Passing PORT addresses

Go To Last Post
14 posts / 0 new
Author
Message
#1
  • 1
  • 2
  • 3
  • 4
  • 5
Total votes: 0

I am playing with some Macros and inline stuff. I have two inline functions, The reading READPIN(port,pin) works but the one that writes to the port is not compiling the passed port.

Why?

 

/*
* testmylibrary.c
*
* Created: 2/2/2021 1:20:18 PM
* Author : SysOp
*/

#include <avr/io.h>
#include <stdbool.h>


__attribute__ ((always_inline)) static inline bool Readpin(uint_farptr_t port, uint8_t pin)
{
	return port & (1 << pin);
}

__attribute__ ((always_inline)) static inline void Setpin(uint_farptr_t port, uint8_t pin)
{
	PORTB = PORTB | (1 << pin);  //this works
	port = port | (1 << pin);    // this will not work compiler ignores
}

void init(void);

uint8_t tmp = 0;


int main(void)
{

	while (1)
	{
		Setpin(PORTB,PB5);
		tmp = Readpin(PORTB,PB5);

	}
}

 

  • 1
  • 2
  • 3
  • 4
  • 5
Total votes: 0

Top Tips:

  1. How to properly post source code - see: https://www.avrfreaks.net/comment... - also how to properly include images/pictures
  2. "Garbage" characters on a serial terminal are (almost?) invariably due to wrong baud rate - see: https://learn.sparkfun.com/tutorials/serial-communication
  3. Wrong baud rate is usually due to not running at the speed you thought; check by blinking a LED to see if you get the speed you expected
  4. Difference between a crystal, and a crystal oscillatorhttps://www.avrfreaks.net/comment...
  5. When your question is resolved, mark the solution: https://www.avrfreaks.net/comment...
  6. Beginner's "Getting Started" tips: https://www.avrfreaks.net/comment...
  • 1
  • 2
  • 3
  • 4
  • 5
Total votes: 0

You need to pass the address of PORTn, not the value of PORTn. Since PORTn is a pointer already deferenced in its define creation, you need to take a step back to get the address by using &. It is also a volatile, so need to also say so in the argument type.

 

__attribute__ ((always_inline)) static inline 
void Setpin(volatile uint8_t* port, uint8_t pin) {
    *port |= (1 << pin);
}

 

Setpin(&PORTB,PB5);

 

 

You also need to check whether your code is correct, even though it compiles-

https://godbolt.org/z/s56YrW

  • 1
  • 2
  • 3
  • 4
  • 5
Total votes: 0

Thanks Revised these lines

 


__attribute__ ((always_inline)) static inline void Setpin(volatile uint8_t *port, uint8_t pin)
{
	*port  = *port | (1 << pin);   
    
}


// Calling Setpin 

		Setpin(&PORTB,PB5);

I modified the Read as well I suspect that is the correct way to do it, not sure how it works without using the pointer * though.

__attribute__ ((always_inline)) static inline void Setpin(volatile uint8_t *port, uint8_t pin)
{
    *port  = *port | (1 << pin);    // this will not work compiler ignores
}

 

So the usage of both use &PORTB 

 

 

 

 

 

  • 1
  • 2
  • 3
  • 4
  • 5
Total votes: 0

Here is potentially a harder one.

 

Suppose I want to reference the physical pins, 0 .. 28 and call them PH0 .. PH28

 

Can I somehow create a Macro that would expand this

 

Setpin(PH18);

 

To this

 

Setpin(&PORTB,PIN5);

 

 

  • 1
  • 2
  • 3
  • 4
  • 5
Total votes: 0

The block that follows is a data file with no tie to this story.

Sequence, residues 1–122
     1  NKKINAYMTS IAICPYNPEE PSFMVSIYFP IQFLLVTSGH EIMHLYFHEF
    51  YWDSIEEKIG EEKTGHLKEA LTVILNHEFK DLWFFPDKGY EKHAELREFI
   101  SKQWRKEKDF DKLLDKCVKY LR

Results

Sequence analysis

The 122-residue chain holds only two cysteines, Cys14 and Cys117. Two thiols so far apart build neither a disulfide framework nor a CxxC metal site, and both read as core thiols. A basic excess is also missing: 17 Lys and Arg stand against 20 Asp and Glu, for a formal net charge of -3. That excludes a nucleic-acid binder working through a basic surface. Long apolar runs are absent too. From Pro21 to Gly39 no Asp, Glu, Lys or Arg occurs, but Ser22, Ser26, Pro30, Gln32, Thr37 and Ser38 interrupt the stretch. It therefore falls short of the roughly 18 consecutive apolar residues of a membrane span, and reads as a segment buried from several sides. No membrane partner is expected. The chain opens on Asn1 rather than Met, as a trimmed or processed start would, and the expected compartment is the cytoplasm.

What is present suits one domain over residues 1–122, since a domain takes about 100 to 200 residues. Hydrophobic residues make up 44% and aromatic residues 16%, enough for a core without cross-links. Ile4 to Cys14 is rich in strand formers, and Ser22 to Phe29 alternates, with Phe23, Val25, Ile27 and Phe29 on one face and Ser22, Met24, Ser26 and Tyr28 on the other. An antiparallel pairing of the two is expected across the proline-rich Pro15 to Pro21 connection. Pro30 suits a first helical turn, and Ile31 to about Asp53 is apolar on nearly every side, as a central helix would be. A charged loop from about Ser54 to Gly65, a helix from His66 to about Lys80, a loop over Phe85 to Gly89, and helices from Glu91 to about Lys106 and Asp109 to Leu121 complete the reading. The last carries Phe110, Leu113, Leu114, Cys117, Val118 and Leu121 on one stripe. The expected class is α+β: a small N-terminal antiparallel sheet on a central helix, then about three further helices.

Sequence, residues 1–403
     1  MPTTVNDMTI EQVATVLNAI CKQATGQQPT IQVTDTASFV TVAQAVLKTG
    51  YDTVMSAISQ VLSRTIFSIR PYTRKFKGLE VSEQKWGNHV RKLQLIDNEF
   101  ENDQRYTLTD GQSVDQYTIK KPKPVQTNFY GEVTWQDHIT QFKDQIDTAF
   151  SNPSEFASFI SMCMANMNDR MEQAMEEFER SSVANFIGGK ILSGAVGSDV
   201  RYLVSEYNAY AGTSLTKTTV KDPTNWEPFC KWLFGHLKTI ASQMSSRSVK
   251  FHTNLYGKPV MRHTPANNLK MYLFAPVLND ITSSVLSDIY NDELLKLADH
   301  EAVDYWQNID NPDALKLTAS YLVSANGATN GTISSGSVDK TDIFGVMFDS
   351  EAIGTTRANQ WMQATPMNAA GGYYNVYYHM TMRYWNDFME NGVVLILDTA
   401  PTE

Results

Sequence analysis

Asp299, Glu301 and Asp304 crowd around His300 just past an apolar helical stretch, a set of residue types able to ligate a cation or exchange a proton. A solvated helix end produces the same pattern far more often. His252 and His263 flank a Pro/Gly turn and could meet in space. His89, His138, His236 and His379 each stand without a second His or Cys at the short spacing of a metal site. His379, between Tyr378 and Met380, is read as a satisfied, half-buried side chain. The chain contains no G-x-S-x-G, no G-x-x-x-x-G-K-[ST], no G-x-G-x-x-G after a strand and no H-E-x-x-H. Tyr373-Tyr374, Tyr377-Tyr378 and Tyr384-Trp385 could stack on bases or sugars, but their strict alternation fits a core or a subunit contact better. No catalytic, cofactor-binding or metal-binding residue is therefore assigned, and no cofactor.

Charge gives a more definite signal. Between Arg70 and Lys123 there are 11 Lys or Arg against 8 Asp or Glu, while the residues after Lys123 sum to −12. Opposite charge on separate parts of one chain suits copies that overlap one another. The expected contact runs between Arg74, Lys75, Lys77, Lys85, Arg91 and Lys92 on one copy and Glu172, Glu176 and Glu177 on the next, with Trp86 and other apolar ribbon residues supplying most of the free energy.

>not sure how it works without using the pointer * though.

 

It worked because the call was doing the reading, then the function just processed the read value passed in. One read was all that was needed, and makes no difference if was done at the call or in the function (compiler would hide the difference via optimization). Although could be done either way, you already have another similar function that has a specific requirement so you make it the same so you can use the same call format for each.

 

The write was different because there was no place to put the |= result since you told the function only about a value and not its (volatile) location. Simply setting a bit in some value that goes nowhere is useless, so the compiler optimizes it away.

 

 

>Suppose I want to

 

Assuming a mega328, or similar-

https://godbolt.org/z/xqPWeE

 

and if you want to dive into C++ -

https://godbolt.org/z/Gb9xsr

Last Edited: Wed. Feb 3, 2021 - 02:34 AM
  • 1
  • 2
  • 3
  • 4
  • 5
Total votes: 1

metron9 wrote:

Here is potentially a harder one.

 

Suppose I want to reference the physical pins, 0 .. 28 and call them PH0 .. PH28

 

Can I somehow create a Macro that would expand this

 

Setpin(PH18);

 

To this

 

Setpin(&PORTB,PIN5);

 

 

Well you clearly can because this is pretty much exactly what pinMode() and digitalWrite() in the Arduino world do. However the way the do it - those functions use look up tables to map some ordinal number to a port and pin number combination - can end up being hugely inefficient and considerable runtime cost. (which is why a lot of people berate the whole of Arduino as "inefficient" when on the whole it's really just these functions alone that are).

 

The clever thing is doing it in some way that maintains runtime efficiency. (Curt's first example illustrates this but also illustrates that such solutions are seldom "simple"! ;-)

 

(perhaps it's me but I actually prefer the simplicity of his #define and Setpin() rather than the Setpin_() alternative).

Last Edited: Wed. Feb 3, 2021 - 09:26 AM
  • 1
  • 2
  • 3
  • 4
  • 5
Total votes: 0

curtvm wrote:
You also need to check whether your code is correct, even though it compiles-